|EgyptAir's holding group includes operating airlines EgyptAir, EgyptAir Cargo and regional unit EgyptAir Express. Its ground, in-flight and engineering services subsidiaries support these operations, while tourism, duty free and medical services are among its other interests. "Each is a profit centre and we get the benefits from synergies," says Massoud, crediting this as contributing to turning from a loss-making to a profitable operation. It netted profits of 573 million Egyptian pounds ($100 million) to June 2009 and aims to lift profits for the year ahead. "EgyptAir is our black horse, it represents around three-quarters of revenues, but we rely on synergies between the subsidiaries. We have to grow all the subsidiaries to get better results," he says, adding there are no plans for any sell-offs. "If we think any are not of benefit to the others, we will get rid of it. But for the time being, that is not in our thinking."|
On long-haul the carrier serves a number of routes and is likely to add to its North American destinations - currently it serves New York JFK
- when it adds its last two 777-300ERs next year. North American Star Alliance partner hubs in Chicago, Toronto and Washington
are all candidates. "We are concentrating our long-haul operations on the profitable and prestige routes," says Massoud. "And we use the huge network of Star Alliance for routes we couldn't, or wouldn't want to, operate ourselves.
"The main objective of Star Alliance is to offer better services for the passenger so we'd like to use much [of the new 737-800 capacity] to Africa. We want the passenger of Star Alliance not to feel any different when travelling from Cairo to Africa. Our objective is to enhance our in-flight service with a new product to match the requirements of Star Alliance."
While many carriers slowed capacity plans in the crisis, EgyptAir sped up its fleet renewal. August saw the first of five A330-300s arrive - a year earlier than planned. The remainder follow next year. The A330s are part of a swathe of deliveries which has already seen two 777-300s arrive this year. Four more 777-300s and eight 737-800s will follow over the next 18 months. "We have got the benefits of the recession," says Massoud of the new arrivals. "We signed the contract with Boeing [for 737-800s] last July and we receive the first aircraft within 13 months." The timing looks opportune, given the swelling of the manufacturer orders book at the recent Farnborough air show.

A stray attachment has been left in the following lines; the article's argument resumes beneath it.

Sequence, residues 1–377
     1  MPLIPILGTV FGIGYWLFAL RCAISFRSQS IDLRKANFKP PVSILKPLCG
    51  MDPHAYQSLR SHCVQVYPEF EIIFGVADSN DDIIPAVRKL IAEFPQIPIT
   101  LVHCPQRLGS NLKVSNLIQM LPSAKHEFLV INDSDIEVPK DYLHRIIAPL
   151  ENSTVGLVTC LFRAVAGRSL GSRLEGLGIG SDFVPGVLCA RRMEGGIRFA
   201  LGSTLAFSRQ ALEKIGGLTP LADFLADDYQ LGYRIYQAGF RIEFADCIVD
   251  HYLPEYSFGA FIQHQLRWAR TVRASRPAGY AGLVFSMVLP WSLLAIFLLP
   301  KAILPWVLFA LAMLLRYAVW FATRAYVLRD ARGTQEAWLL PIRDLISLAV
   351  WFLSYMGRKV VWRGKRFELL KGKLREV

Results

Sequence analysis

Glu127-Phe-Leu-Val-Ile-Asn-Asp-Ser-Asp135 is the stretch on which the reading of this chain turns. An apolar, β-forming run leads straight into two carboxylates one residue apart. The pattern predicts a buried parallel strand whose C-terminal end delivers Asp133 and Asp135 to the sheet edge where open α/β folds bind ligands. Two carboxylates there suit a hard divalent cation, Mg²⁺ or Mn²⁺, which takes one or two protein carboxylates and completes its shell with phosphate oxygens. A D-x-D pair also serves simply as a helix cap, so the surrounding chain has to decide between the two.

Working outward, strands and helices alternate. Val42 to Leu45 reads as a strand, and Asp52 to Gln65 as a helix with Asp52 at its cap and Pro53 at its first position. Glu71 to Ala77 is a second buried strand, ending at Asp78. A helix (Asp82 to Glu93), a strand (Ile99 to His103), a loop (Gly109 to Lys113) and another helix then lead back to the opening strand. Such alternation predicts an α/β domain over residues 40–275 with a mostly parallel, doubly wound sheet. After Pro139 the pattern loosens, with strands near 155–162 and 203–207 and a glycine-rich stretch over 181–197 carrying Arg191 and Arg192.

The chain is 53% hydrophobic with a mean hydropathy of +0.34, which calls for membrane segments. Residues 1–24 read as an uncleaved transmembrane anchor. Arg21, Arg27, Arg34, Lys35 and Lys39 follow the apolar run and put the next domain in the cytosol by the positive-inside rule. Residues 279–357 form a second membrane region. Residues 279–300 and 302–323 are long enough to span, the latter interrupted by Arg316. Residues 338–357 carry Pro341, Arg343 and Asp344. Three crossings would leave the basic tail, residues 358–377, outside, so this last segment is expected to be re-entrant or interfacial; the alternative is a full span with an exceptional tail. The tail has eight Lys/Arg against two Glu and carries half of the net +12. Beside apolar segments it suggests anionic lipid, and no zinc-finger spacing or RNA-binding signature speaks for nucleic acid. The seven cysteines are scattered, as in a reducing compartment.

There is also an enhanced onboard product. The carrier, which offers a two-class cabin system, is focusing on raising standards in the business cabin. Its new A330-300s feature lie-flat seats in business class, a new Panasonic in-flight entertainment system and OnAir's in-flight wi-fi service and mobile connectivity. Its 737-800s will feature an enlarged business cabin, with 24 seats in a generous 48in (122cm) pitch to create wider cabin feeling, in a bid to increase its premium revenues.
"All our marketing campaigns, everything we invest is in the business class, which then feeds into the economy cabin," explains Ashour. "People know they get a premium class product and that they will get value for money in business class. This is how we are trying to be competitive with the aggressive competition in the market."
Massoud adds: "We have enhanced and upgraded our product; this gives us a chance to increase the yield. We have restructured our pricing system and we have not forgotten about the cost-cutting side. That remains very important. We identify the big areas of cost and then we decide how to apply cost savings." Distribution is one potential area where the carrier hopes for savings by increasing online bookings by upgrading its website.
Ashour and Massoud have been in their current positions since September last year, although both were already established figures at the carrier. Ashour has been a pilot at the airline since 1988 (see box story) while Massoud - after a 20-year career in the Egyptian air force and heading aviation companies Smart Aviation and Mitrage - was vice-chairman of the holding company for a year and a half before taking on the top job.
Massoud says his objective on taking the role has been to "keep, but enhance and upgrade" the company's reputation. But before he could look at the long term, he faced a more immediate issue. EgyptAir in the summer of 2009 was given a warning by the European Commission that it risked being placed on its blacklist of international carriers banned from operating in EU airspace because of safety concerns in several areas of its operation. "It's the first challenge I faced because EgyptAir was confronting a very bad situation," says Massoud. "Concerning safety, we did not have a problem," he says, characterising the problems as smaller issues that reflected a different cultural approach. "This had to change to be with international norms. We had a misunderstanding between our